Interesting question. Thank you for bringing this paper to my attention. PDF link here of the original paper.

In simple terms, cluster centers are initially chosen at random from the set of input observation vectors, where the probability of choosing vector `x`

is high if `x`

is not near any previously chosen centers.

Here is a one-dimensional example. Our observations are [0, 1, 2, 3, 4]. Let the first center, `c1`

, be 0. The probability that the next cluster center, `c2`

, is x is proportional to `||c1-x||^2`

. So, P(c2 = 1) = 1a, P(c2 = 2) = 4a, P(c2 = 3) = 9a, P(c2 = 4) = 16a, where a = 1/(1+4+9+16).

Suppose c2=4. Then, P(c3 = 1) = 1a, P(c3 = 2) = 4a, P(c3 = 3) = 1a, where a = 1/(1+4+1).

I've coded the initialization procedure in Python; I don't know if this helps you.

```
def initialize(X, K):
C = [X[0]]
for k in range(1, K):
D2 = scipy.array([min([scipy.inner(c-x,c-x) for c in C]) for x in X])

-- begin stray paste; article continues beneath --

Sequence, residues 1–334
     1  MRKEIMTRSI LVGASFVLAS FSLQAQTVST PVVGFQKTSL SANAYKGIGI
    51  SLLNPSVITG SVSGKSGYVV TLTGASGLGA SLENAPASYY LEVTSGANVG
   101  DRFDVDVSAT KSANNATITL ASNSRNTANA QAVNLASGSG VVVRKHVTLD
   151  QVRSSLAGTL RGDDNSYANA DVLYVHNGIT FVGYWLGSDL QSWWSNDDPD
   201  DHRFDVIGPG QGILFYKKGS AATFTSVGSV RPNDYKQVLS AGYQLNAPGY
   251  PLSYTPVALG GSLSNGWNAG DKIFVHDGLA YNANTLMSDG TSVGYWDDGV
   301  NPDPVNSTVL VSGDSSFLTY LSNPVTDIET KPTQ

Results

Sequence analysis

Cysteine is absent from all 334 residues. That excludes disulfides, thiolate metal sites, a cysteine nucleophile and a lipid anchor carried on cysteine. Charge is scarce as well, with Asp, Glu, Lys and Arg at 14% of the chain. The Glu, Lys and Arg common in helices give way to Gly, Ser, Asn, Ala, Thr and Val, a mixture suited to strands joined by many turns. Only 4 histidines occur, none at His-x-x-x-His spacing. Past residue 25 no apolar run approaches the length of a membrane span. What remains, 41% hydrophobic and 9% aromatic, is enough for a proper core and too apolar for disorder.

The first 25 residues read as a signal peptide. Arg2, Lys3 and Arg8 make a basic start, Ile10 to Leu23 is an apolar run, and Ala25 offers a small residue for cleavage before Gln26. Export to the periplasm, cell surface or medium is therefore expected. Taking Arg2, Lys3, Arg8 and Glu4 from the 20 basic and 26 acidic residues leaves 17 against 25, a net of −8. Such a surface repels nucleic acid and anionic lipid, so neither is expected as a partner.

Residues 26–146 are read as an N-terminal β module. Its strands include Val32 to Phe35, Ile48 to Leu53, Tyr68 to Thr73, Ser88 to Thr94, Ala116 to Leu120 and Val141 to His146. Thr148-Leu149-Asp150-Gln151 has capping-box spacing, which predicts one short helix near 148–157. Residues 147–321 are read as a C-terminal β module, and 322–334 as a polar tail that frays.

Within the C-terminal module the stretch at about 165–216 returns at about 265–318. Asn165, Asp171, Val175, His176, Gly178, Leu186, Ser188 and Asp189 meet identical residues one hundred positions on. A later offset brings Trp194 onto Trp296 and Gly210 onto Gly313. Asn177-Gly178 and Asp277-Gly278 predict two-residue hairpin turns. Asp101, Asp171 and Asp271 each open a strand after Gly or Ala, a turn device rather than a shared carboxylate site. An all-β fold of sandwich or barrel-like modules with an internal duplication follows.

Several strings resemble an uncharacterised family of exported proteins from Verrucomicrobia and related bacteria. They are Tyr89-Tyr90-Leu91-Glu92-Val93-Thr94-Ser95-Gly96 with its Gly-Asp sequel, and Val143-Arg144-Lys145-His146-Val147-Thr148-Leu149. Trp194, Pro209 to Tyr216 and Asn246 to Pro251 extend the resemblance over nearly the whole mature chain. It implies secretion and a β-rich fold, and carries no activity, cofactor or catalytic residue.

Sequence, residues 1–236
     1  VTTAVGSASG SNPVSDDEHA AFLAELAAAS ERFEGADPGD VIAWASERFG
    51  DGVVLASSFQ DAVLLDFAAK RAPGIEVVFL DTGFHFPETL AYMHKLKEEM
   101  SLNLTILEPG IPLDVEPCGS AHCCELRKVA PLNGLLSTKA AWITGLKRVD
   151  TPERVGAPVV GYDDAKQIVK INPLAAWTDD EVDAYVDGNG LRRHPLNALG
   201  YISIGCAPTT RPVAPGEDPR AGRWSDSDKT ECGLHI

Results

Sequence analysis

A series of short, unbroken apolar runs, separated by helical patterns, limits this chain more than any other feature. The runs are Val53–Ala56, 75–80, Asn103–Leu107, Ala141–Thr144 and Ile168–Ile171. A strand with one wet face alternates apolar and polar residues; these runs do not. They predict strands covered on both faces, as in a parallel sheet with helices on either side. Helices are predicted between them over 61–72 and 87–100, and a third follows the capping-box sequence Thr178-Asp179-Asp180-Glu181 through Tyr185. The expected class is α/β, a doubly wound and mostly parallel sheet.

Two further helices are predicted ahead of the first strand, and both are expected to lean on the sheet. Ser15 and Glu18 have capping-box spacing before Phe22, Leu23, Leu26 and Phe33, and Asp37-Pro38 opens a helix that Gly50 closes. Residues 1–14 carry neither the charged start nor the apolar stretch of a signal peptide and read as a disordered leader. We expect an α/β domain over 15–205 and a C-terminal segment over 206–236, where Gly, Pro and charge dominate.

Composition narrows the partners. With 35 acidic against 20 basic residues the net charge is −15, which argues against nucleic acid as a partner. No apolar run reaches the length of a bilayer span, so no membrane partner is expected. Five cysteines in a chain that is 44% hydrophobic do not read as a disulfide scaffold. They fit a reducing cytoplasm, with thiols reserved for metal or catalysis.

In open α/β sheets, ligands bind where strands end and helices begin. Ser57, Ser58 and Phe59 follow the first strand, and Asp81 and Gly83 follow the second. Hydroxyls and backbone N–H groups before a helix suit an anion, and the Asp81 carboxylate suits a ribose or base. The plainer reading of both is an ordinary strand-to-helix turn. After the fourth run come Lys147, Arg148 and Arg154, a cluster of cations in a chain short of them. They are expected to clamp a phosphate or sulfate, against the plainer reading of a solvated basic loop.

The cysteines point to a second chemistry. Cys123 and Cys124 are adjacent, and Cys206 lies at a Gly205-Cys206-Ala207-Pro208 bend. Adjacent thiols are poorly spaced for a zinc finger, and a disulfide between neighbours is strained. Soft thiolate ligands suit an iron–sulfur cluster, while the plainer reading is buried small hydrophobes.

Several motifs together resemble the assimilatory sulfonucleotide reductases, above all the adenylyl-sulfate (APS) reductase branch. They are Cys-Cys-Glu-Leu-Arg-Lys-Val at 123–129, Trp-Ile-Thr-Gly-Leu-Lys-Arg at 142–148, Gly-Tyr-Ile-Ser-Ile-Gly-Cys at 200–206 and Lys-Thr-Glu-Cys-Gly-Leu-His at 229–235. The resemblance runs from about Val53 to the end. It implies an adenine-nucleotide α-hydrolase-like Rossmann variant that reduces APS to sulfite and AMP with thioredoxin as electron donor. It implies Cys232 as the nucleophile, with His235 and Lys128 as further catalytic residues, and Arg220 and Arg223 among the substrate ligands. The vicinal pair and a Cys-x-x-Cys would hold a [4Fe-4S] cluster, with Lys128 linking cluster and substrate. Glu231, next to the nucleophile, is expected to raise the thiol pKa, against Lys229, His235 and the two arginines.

probs = D2/D2.sum()
cumprobs = probs.cumsum()
r = scipy.rand()
for j,p in enumerate(cumprobs):
if r < p:
i = j
break
C.append(X[i])
return C
```

EDIT with clarification: The output of `cumsum`

gives us boundaries to partition the interval [0,1]. These partitions have length equal to the probability of the corresponding point being chosen as a center. So then, since `r`

is uniformly chosen between [0,1], it will fall into exactly one of these intervals (because of `break`

). The `for`

loop checks to see which partition `r`

is in.

Example:

```
probs = [0.1, 0.2, 0.3, 0.4]
cumprobs = [0.1, 0.3, 0.6, 1.0]
if r < cumprobs[0]:
# this event has probability 0.1
i = 0
elif r < cumprobs[1]:
# this event has probability 0.2
i = 1
elif r < cumprobs[2]:
# this event has probability 0.3
i = 2
elif r < cumprobs[3]:
# this event has probability 0.4
i = 3
```